The Center for Hunger-Free Communities

Solutions Based on Science and the Human Experience

Center Discrimination Briefs Cited in Next City article

September 18, 2019
Report on Food Insecurity and Discrimination
Event Date: 
September 18, 2019

The Center's report "From Disparities to Discrimination" was featured in a Next City article on food insecurity. In “Can Cities Ever Eliminate Hunger?", published on September 9, Valerie Panne argued that city governments must create systemic change in order to address food insecurity, citing data from the recent Children’s Health Watch (CHW) report.

Panne utilized findings from the report to demonstrate that systemic racism is one of the core causes of food insecurity. Those who experience discrimination are twice as likely to experience hunger. Furthermore, 22 percent of African American households and 18 percent of Latin American households in the U.S. are food insecure, versus just 9 percent of white households. 

“You cannot take on poverty and hunger without taking on historical and contemporary discrimination,” said Center Executive Director Mariana Chilton, PhD. “If we are just fighting to strengthen SNAP, we’ll make little progress. We have to go deeper to the root causes.”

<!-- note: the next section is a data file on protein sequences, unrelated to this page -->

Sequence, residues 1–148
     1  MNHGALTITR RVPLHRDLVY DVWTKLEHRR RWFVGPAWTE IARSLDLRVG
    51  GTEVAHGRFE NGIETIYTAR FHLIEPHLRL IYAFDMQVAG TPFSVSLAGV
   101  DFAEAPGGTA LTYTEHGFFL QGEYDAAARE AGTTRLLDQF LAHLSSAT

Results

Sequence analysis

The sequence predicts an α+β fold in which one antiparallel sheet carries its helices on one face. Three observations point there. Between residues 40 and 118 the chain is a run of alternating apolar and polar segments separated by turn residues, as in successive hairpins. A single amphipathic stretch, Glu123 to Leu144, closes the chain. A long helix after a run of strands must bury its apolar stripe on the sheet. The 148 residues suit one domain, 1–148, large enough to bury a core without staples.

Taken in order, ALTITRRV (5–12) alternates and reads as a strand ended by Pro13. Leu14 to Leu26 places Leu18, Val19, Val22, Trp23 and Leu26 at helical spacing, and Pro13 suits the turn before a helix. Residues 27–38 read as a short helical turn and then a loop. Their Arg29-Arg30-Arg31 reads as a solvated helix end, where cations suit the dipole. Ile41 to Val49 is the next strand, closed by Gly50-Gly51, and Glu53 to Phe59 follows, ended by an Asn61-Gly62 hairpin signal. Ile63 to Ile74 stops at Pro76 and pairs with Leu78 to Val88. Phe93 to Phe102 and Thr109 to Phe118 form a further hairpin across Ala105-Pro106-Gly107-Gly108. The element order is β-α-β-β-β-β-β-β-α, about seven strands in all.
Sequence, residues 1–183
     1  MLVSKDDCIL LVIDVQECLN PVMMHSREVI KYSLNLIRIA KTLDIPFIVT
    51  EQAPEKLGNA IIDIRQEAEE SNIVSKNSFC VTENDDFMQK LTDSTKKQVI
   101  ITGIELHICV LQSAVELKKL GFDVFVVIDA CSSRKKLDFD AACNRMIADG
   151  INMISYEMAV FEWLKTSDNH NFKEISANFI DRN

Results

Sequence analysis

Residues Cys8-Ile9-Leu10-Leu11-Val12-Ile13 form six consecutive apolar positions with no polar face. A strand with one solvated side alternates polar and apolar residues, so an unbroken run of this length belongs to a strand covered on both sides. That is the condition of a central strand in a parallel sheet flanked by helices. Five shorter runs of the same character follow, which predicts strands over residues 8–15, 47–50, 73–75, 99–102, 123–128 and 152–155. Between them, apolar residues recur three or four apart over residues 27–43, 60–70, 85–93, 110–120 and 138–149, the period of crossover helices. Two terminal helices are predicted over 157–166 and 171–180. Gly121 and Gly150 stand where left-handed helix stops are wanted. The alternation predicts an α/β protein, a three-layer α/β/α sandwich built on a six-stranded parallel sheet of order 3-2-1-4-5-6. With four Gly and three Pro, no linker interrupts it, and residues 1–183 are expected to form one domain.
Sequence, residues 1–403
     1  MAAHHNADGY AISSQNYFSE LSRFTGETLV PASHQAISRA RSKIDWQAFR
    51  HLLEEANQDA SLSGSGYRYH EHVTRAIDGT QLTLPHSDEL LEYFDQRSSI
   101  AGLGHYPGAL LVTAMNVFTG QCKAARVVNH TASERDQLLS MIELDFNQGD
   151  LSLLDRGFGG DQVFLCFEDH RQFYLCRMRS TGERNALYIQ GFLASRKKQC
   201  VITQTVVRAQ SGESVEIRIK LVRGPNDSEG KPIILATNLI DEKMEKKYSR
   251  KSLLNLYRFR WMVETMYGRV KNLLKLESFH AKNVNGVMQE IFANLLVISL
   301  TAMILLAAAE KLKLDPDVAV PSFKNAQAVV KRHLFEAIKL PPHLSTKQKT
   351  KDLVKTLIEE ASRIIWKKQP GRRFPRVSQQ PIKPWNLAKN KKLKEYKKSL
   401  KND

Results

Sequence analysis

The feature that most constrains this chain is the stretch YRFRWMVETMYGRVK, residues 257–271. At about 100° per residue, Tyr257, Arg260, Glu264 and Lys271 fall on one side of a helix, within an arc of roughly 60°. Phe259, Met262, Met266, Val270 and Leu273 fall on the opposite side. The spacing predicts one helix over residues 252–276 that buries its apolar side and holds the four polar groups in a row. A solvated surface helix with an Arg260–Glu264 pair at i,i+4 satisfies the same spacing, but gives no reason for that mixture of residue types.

“From Disparities to Discrimination” highlights research at St. Christopher’s hospital on the relationship between food insecurity and racial and ethnic discrimination. The site measured experiences of discrimination among caregivers of young children to collect data on discrimination across social sectors such as school, work, and health care facilities. The analysis revealed a strong link between household and child food insecurity and experiences of discrimination.

Next City is a national urban affairs magazine that promotes socially, economically, and environmentally sustainable practices in urban areas. This article was written in response to New York City Councilperson Cory Johnson’s recent food equity report.

 

Read the full article here.

 

By Gabe Halperin-Goldstein

 

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